You have probably seen an AED, or Automatic External Defibrillator, whether you realized it was an AED or not. At the airport, mall, grocery or gym, AEDs are in cabinets on the wall just like fire extinguishers. They are becoming more common, despite the steady increase of prices for AEDs. Awareness of how important an AED is in a medical emergency is growing every day, and that’s a good thing. The use of an AED plays the largest role in surviving Sudden Cardiac Arrest (SCA), which is the largest cause of death for adults in the United States. In the US, over 350,000 adults die yearly from SCA. If you know how one works, you can use one without fear and increase a persons chance of survival from next to nothing, to up to 50%!
The acronym AED, stands of course for Automatic External Defibrillator.
Automatic – because the AED checks your heart and IT decides if the patient needs a shock.
External – because the AED isn’t inside your body.
Defibrillator – because all the AED will do is de – fibrillate the patient’s heart.
The heart is a sophisticated conglomeration of integrated muscles and valves that contract and relax to pump blood throughout the body. It’s crucial that all the heart muscles work together in order to achieve this goal. What happens in SCA is that all of those muscles get thrown off electrically. Instead of them all working together to get the job done, they fire, or contract on their own with blatant disregard for one another. The heart is still alive, and moving, but the heart is no longer pumping blood. The heart is having a bit of a seizure, quivering, jittering and laboring without moving blood to the brain and without supplying itself with the blood it needs to stay alive. This is SCA.
When SCA occurs, the patient loses consciousness. The patient also stops breathing. Within 4 minutes brain damage starts mounting. Within 10 minutes there is little chance of survival without an AED. Another way to look at this time span is that for every minute that passes without defibrillation, or the use of an AED, the person loses a 10% chance to live.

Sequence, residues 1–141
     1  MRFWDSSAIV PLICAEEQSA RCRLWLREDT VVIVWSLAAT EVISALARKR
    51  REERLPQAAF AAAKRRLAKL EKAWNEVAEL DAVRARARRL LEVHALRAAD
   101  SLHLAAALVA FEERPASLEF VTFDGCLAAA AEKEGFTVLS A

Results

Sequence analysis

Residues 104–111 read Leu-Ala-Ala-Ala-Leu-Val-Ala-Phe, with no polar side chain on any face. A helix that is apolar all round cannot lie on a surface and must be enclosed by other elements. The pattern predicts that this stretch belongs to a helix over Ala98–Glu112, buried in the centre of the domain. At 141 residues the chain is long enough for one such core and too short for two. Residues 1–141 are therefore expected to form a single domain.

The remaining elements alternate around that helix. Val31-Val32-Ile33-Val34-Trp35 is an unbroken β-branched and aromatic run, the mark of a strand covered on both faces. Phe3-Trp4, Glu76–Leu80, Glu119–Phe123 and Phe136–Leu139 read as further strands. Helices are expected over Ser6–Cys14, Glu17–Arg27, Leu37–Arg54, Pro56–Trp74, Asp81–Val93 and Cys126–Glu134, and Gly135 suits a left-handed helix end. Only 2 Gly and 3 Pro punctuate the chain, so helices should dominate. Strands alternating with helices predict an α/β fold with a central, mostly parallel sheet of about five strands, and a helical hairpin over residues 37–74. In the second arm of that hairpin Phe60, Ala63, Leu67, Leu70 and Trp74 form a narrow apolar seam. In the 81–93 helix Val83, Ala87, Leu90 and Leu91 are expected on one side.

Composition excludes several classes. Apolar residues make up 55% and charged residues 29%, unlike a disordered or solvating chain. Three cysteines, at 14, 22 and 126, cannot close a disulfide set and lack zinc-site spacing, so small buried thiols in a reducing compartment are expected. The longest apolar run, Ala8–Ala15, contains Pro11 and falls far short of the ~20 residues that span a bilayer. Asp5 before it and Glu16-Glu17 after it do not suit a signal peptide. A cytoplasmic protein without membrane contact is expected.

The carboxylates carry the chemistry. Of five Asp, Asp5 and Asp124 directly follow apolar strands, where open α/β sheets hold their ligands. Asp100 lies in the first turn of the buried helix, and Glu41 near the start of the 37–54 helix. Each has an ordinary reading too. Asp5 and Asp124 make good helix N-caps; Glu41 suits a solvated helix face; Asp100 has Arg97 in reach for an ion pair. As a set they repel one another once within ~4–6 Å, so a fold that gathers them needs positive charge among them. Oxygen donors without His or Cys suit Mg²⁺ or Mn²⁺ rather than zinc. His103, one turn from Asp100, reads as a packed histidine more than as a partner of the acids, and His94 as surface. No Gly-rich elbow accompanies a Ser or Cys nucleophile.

You can see how it is so important to get that defibrillator to the patient as quick as possible.
If a person collapses, is unconscious and isn’t breathing, or is only gasping, do CPR until the AED arrives. When the AED arrives at the scene – it is to be turned on. The AED will use voice prompts to tell you exactly what to do. Essentially, place electrode pads on the patient’s bare chest according to pictures printed right on the pads.
When those pads hit skin, the AED automatically knows to check the heart and is looking for ventricular fibrillation, that bad heart rhythm that I described above. If the defibrillator senses that one heart rhythm, it will announce that a shock is advised. The AED will charge itself and tell you to push a button to deliver a shock.
That shock will travel through the body, through the heart and tell that misbehaving heart “You Stop That!”. The shock stops all activity, resets the parts of the heart that control it’s coordination and releases the heart. When this fibrillation has been terminated, the heart has a solid chance of pumping again. Of course the quicker the AED is used, the better the chance of survival.
If the AED doesn’t detect ventricular fibrillation, it won’t deliver a shock. You can’t weaponize an AED, there isn’t any way to hurt anyone. I know that makes it a bit boring for some. For the rest of us, it empowers us to use it knowing that the worst we can do is use a set of pads and screw up the person’s shirt. If we are worried that they are in SCA – it’s worth it. It’s way better to use an AED when we don’t need to, than to withhold the use of a defibrillator when it is needed.
If someone is unconscious and you aren’t sure they are breathing perfectly normally – TURN ON THAT AED and follow instructions. It’s just too easy to really jack this person’s chance of survival up exponentially! Come take a CPR certification class from Georgia CPR, we can go over all the interesting details not included here.
Of course I love to oversimplify everything, so here’s how it goes. An AED will check your heart, and if a shock is needed it will deliver a hard re-boot shock to the heart, straightening it out so it can live another day.